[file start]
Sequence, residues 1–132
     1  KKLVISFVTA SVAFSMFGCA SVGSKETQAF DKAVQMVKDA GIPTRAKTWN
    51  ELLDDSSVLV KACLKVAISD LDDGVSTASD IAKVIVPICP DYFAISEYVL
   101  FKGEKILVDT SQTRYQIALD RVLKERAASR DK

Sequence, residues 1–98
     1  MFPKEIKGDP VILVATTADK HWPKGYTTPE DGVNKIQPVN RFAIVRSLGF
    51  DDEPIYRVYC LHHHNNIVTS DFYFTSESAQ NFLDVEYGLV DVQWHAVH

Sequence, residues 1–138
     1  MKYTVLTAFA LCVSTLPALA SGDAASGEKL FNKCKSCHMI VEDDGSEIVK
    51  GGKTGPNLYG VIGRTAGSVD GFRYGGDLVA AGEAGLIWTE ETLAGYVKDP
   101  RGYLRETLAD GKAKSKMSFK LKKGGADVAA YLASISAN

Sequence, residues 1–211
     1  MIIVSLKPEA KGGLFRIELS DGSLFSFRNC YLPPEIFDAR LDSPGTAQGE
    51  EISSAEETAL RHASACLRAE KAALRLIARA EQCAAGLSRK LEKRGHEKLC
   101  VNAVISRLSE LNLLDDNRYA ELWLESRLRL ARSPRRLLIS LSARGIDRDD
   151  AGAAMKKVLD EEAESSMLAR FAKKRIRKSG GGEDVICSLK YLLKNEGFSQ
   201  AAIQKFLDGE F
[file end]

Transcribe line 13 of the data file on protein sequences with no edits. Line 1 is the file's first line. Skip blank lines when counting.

     1  MIIVSLKPEA KGGLFRIELS DGSLFSFRNC YLPPEIFDAR LDSPGTAQGE